Allow to cool, then add the lime zest.  If refrigerated, the syrup will keep indefinitely due to its high sugar and acid contents.  But just use it, ok?  Makes about 1 pint.

Could be made with lemons or oranges, as well.

In France it's common to flavor drinking water with a sweetened syrup.  This is mostly for children but adults sometimes do it as well.  The lime syrup looks and tastes a lot like lemonade... in fact, I'm having a glass right now!

The syrup can be used as a mixer for a cocktail - imagine it with gin, vodka, or tequila - or stirred into sparklling water and served over ice for a summery beverage.  You could use it for sno-cone flavorings, granita, to sweeten a smoothie or a fruit salad, or shaken with some vinegar and oil to create a unique vinaigrette.


A word of caution... The French recipes I found for "sirop aux citrons verts" (lime syrup) instructed me to boil the water-juice-sugar mixture down for 20-30 minutes.  I set my timer for 15 minutes.  During that time a friend stopped by and we chatted in the living room while the syrup merrily boiled away in the kitchen.

When the timer went off and I went to check on my syrup, I discovered that I had instead made burnt lime caramel.  It was not tasty and it went into the trash.  What a waste of time and effort to have juiced all those damn limes.

Moral of the story: Content yourself with making a simple (sugar) syrup and don't bother trying to reduce it.  In fact, if you want a thicker syrup, start out with less water and... VOILA!  Reduced.

Tuesday, May 17, 2011

My most embarassing moment

There's a restaurant in town called Infinite Soups.  Every day they make some 30 varieties of soup.  Last summer I took this pic at the farmers market of their stand:
"Sold out"
Ah, the irony!

In all honesty, their soups are delicious, and the menu has something for everyone, vegans and carnivores alike.  The only thing they don't have is a place to sit: this is take-n-slurp only with no dining area whatsoever.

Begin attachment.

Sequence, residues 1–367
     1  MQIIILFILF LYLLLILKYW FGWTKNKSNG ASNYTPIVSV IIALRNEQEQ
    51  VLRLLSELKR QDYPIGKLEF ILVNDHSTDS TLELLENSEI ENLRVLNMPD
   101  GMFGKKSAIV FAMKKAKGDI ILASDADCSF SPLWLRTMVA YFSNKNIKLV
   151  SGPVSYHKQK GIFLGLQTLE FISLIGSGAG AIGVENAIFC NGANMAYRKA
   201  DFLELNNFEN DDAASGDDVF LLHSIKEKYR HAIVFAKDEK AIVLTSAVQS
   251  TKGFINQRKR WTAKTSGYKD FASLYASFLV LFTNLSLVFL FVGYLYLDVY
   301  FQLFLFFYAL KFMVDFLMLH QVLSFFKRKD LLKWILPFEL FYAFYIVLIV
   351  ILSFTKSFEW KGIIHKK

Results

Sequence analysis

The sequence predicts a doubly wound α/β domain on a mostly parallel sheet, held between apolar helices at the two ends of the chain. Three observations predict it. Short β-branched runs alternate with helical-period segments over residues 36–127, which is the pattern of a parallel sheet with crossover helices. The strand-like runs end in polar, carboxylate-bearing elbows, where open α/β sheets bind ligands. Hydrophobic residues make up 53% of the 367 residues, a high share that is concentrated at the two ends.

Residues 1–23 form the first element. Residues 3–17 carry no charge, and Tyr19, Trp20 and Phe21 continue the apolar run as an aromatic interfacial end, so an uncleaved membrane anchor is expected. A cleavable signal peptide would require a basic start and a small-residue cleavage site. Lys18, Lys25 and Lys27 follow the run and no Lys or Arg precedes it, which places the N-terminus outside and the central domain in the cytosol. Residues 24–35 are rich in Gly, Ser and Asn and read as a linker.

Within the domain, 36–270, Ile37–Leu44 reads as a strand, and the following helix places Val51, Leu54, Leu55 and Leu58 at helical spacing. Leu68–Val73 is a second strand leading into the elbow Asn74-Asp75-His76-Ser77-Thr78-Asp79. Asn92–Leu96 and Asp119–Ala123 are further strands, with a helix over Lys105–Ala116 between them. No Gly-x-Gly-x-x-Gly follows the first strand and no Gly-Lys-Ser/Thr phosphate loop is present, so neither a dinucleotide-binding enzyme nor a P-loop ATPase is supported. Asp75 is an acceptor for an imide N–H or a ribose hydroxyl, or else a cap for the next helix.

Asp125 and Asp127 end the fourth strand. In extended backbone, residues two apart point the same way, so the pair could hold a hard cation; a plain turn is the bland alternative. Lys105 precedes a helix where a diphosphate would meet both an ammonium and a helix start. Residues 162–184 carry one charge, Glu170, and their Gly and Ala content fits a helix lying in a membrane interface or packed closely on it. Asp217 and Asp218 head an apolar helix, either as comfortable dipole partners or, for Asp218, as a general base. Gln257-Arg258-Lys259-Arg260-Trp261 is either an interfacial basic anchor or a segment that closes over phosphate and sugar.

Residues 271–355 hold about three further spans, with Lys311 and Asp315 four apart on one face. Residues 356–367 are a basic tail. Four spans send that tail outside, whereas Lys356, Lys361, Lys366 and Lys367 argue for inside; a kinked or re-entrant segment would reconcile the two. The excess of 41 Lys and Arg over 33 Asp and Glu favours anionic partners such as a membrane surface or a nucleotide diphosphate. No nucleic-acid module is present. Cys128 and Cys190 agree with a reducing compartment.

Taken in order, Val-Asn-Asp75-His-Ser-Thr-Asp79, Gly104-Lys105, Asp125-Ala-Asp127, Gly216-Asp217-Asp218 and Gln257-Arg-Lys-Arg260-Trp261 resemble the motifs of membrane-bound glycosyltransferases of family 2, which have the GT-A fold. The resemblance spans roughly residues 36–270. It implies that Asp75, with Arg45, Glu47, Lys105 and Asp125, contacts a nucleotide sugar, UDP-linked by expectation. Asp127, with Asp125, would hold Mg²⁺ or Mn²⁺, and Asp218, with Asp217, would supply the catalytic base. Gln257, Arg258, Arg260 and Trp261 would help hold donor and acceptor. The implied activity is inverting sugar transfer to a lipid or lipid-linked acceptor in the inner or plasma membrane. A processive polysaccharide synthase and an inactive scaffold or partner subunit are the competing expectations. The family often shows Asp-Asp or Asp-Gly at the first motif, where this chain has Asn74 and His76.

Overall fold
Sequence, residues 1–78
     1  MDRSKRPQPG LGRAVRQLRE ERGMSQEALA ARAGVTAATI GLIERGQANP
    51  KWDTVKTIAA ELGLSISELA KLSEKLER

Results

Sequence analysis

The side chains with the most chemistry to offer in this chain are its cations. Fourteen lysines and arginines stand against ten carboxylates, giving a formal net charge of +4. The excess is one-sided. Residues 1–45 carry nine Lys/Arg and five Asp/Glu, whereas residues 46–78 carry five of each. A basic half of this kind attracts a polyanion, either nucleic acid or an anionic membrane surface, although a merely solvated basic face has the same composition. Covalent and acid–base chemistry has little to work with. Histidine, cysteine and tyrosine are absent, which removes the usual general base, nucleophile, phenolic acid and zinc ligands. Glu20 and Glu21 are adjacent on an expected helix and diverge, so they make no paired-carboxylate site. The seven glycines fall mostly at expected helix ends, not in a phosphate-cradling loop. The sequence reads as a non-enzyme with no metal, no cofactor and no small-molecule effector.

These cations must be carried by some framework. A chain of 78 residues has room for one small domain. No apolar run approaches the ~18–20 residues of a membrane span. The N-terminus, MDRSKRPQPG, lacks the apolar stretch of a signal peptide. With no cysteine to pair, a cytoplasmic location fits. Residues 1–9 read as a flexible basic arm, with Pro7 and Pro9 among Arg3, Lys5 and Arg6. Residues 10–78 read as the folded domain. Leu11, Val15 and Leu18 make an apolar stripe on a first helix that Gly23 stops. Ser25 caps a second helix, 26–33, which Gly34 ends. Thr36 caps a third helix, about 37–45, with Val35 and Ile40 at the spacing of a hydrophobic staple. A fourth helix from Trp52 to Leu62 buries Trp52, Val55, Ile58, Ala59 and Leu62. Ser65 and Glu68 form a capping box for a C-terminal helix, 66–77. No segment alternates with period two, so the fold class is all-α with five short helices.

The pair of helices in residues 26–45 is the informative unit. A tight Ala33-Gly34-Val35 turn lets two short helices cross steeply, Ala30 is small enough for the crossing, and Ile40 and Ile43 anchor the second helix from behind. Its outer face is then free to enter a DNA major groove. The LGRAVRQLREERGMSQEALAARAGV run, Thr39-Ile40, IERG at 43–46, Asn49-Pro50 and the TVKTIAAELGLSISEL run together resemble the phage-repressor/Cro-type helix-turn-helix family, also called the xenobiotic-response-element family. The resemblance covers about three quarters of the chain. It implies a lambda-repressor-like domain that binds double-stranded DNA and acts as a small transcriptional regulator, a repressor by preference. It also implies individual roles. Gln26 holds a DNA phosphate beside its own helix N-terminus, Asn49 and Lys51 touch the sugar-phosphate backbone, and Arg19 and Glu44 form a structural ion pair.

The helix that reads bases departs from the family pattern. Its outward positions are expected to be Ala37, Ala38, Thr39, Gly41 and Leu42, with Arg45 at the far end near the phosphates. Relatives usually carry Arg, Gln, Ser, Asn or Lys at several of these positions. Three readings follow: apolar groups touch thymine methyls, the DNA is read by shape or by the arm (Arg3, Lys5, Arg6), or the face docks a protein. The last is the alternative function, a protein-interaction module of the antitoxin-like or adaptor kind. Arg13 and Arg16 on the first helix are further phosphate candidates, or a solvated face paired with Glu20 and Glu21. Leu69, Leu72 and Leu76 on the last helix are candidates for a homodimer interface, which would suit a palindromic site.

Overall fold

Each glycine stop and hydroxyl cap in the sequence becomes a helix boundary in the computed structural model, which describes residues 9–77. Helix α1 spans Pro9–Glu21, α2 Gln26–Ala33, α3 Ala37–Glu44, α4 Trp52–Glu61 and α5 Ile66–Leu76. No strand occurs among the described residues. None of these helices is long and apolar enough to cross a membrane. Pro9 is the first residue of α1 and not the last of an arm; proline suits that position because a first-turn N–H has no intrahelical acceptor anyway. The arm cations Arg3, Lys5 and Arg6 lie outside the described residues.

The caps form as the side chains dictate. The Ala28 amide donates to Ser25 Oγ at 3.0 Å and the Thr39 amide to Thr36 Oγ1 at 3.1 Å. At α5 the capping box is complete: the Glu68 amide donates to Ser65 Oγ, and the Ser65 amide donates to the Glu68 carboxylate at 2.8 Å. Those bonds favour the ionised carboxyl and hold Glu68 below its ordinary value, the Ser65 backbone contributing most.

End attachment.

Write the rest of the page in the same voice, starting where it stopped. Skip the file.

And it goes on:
This evening their facebook status read: ""Due to some minor gas issues we will be closing at 7pm Tonight."

Being a twelve-year-old at heart, my brain instantly went there.  Haven't we all wished we could leave work early due a a "gas incident"?

In fact, that status reminded me of a "gas incident" I had quite a few years ago.  Because I know it'll make you laugh, I'm going to share it with you.

I'd been dating a guy named Mike.  Mike's was a tight family comprised of his mom, sister, brother-in-law, and the cat Mike and his mom co-owned.  They did virtually everything together and knew everything about one another.  They'd accepted me as one of their own and I really liked them all.

Mike was living with his mother while he saved money to buy a house, which he ultimately did toward the end of our relationship.  One day around Christmas, we all decided to go out to dinner.  We convened at his & his mom's house for pre-dinner drinks.

(Llittle did I realize at that time that they were all raging alcoholics.  My alcohol tolerance, normally pretty low, skyrocketed during this relationship.)